Category Archives: New Zealand

Rotorua Day 3/Auckland Day 1

There’s a difference between chloroform and chlorophyll. If you took ninth grade biology, you’d know that chlorophyll is the green pigment found in plants. Chloroform, however, is the “knock out drug” associated with heinous crimes.

This morning we listened to our tour guide, a Maori native, as she weaved a traditional grass skirt, boiling the grass to remove what she referred to as chloroform. Hm.

The village we toured was called Whaka Village, although the natives pronounce “Wh” with an “F.” You sound it out. This village is a natural hot spot, full of geothermal activity, with geysers and hot springs everywhere. As the 40 degree wind bit into my jacket, we sought refuge near the hot opaque steam and Hangi boxes (where the food is cooked underground.) We saw the bathing pools, yes, communal, but warm.

Off to Auckland. We finished watching “Whale Rider” which made more sense once we’d seen true Maori culture and traditions in Rotorua.

We’re racing past lush pastures filled with sheep and cows and valleys and hills. Sound picturesque? Well maybe, but it seems more characteristic of Ireland. They’re playing Kiwi Radio (Kiwi is a term for a New Zealander.) 80s and 90s pop, and it brings us back to Michelle Branch, Sugar Ray, and all things Kidz Bop. How can anyone sleep through Dave the Maniac Bus Driver’s speedy driving?

We stopped in Matamata, more commonly known as “Hobbiton.”

We took pictures with a statue of Gollum in the Hobbit Hole, then raced to the bus. No one wants to be the unlucky soul who has to sing, per Matt’s directions. A short game of Matt’s trivia, and once again I’m left to my own thoughts.

***

When you’re alone, it’s funny how the mind can be the scariest demon of all. Left to your own devices, it can be a dark abyss of loneliness. And while I’m homesick for my family in the worst way, I’m quite enjoying the freedom my mind has when not restricted by my day-to-day. Flashback: Venice. And I think: How much alone time have I missed out on in an effort to surround myself with people who seem to eliminate my sorrows?

I’ll give you a “for instance.” I’ve never eaten a meal alone. Never gone out to eat, that is. I don’t count eating PB&J in the comfort of my own home. I know exactly why I haven’t too: A long time ago my friend advised me that people are more likely  to over gorge on their own. Well if getting fat is my main concern, then I’m going to have some bigger issues later on in life.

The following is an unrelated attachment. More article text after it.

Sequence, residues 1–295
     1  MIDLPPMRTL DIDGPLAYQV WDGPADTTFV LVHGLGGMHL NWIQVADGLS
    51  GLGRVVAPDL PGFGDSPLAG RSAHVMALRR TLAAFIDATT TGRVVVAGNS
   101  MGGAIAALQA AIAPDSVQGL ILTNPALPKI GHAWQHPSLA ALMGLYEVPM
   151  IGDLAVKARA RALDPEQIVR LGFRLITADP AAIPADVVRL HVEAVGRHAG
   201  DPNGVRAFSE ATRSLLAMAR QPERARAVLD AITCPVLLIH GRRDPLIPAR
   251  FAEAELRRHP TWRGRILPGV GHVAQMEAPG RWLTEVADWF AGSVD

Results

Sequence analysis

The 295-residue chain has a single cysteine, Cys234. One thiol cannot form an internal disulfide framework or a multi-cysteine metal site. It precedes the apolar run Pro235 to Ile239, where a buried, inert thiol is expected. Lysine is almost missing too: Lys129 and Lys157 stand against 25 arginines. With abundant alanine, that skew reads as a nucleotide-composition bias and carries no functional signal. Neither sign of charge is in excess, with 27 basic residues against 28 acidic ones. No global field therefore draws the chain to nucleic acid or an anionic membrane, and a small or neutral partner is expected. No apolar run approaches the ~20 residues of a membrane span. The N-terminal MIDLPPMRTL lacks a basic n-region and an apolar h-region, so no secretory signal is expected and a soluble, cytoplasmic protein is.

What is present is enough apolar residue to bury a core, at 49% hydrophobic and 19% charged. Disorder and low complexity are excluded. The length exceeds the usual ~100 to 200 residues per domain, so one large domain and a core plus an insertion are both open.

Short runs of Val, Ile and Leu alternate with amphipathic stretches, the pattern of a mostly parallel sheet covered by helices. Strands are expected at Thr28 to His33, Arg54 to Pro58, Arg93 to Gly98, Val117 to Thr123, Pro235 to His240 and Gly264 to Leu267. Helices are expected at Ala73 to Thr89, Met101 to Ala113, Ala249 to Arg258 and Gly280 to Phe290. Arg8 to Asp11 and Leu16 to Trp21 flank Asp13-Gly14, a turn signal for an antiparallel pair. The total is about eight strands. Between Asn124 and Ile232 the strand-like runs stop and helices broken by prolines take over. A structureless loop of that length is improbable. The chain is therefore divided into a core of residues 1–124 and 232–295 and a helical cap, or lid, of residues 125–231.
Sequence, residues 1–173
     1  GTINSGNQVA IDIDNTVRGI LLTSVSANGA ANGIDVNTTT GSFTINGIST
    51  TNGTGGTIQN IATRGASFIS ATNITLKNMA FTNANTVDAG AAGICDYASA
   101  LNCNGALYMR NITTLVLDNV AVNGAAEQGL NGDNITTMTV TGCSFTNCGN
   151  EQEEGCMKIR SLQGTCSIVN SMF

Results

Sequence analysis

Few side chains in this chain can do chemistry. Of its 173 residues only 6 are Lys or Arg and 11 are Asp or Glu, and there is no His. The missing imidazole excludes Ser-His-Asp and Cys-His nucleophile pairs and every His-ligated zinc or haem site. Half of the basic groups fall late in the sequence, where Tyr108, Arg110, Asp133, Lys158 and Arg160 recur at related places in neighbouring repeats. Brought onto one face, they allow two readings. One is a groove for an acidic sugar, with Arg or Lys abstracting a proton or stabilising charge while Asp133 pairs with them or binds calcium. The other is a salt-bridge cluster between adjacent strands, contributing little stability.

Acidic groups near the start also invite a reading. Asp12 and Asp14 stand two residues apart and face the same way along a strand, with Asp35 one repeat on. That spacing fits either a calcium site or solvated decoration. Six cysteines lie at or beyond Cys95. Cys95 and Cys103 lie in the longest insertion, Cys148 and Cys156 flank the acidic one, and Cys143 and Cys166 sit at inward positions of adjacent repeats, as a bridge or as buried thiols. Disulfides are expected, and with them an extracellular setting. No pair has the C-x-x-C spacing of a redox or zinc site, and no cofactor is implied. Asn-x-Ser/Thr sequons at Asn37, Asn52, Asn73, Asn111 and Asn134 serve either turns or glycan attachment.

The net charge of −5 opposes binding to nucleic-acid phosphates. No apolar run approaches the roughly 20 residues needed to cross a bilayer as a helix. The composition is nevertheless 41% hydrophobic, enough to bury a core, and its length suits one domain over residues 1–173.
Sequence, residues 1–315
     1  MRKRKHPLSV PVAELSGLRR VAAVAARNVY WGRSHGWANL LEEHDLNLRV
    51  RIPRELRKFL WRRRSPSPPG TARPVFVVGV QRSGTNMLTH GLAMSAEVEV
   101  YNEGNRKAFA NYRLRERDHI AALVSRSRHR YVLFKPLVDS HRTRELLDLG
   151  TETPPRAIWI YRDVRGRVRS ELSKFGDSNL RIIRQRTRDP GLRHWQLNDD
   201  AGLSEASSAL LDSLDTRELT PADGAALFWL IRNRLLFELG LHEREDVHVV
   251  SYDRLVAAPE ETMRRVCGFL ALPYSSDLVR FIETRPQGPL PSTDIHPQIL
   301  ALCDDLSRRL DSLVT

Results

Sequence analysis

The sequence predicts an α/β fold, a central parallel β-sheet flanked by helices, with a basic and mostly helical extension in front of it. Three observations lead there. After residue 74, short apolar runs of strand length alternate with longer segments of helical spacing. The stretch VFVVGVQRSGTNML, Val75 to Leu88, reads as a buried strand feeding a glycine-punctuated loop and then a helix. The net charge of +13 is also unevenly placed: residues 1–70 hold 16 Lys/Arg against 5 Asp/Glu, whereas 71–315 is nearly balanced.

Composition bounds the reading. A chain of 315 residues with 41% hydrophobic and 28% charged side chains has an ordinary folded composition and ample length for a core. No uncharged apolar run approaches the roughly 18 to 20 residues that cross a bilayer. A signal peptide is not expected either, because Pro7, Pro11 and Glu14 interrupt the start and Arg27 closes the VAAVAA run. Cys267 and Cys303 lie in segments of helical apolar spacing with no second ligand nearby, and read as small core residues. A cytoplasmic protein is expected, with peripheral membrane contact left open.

As the song goes, “Like a Drifter I Was Born to Walk Alone.” I’m happiest when I’m able to think, think clearly, then share my thoughts in the blogosphere. Less Facebook, reduce the texting, more “me” time. How can I be the best sister/friend/daughter/niece/granddaughter I can be  if I’m not the best person I can be?

***

We finished our drive to Auckland and visited a volcano which hasn’t been active in 700 years. We got to the hotel at 3, and had free roam of the city until 9. We walked around, shopped, got out Starbucks fix, and went to the hotel to rest around 6:30. All the stores closed down at 6:00, so we saw no point in staying out to roam the concrete jungle.

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Rotorua Day 2

Today we woke up at what we thought was 7:10, 40 minutes past our alarm. We hurried to get ready, quickly answered our late wake-up call, and ran down for breakfast. To our surprise, we were the only ones there. Little did we know, our clock was 20 minutes ahead, and I had forgotten to change the time on the alarm…Shh!!

We headed out into the cold sulfur weather, bright and early, toward the awaiting duck boats. Yes, that’s right. We traveled halfway around the world to take a duck ride tour. We learned about “Rachel’s Springs”, named after the woman who discovered silica is good for the skin. These springs are 100 degrees Celsius, 212 degrees Fahrenheit. According to our tour guide, Daffy (yeah, you heard me), the springs are great for swimming, assuming your plan is to swim once, and only once, ever again, very quickly…